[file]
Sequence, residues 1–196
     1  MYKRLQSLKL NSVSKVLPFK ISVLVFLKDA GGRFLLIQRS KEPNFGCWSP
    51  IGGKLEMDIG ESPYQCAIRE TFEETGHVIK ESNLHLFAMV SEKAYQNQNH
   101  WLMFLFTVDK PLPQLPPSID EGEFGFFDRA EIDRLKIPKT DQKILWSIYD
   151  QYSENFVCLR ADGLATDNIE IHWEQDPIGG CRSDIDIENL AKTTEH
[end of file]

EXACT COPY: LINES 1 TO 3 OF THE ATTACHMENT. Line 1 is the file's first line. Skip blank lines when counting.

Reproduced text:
Sequence, residues 1–196
     1  MYKRLQSLKL NSVSKVLPFK ISVLVFLKDA GGRFLLIQRS KEPNFGCWSP
    51  IGGKLEMDIG ESPYQCAIRE TFEETGHVIK ESNLHLFAMV SEKAYQNQNH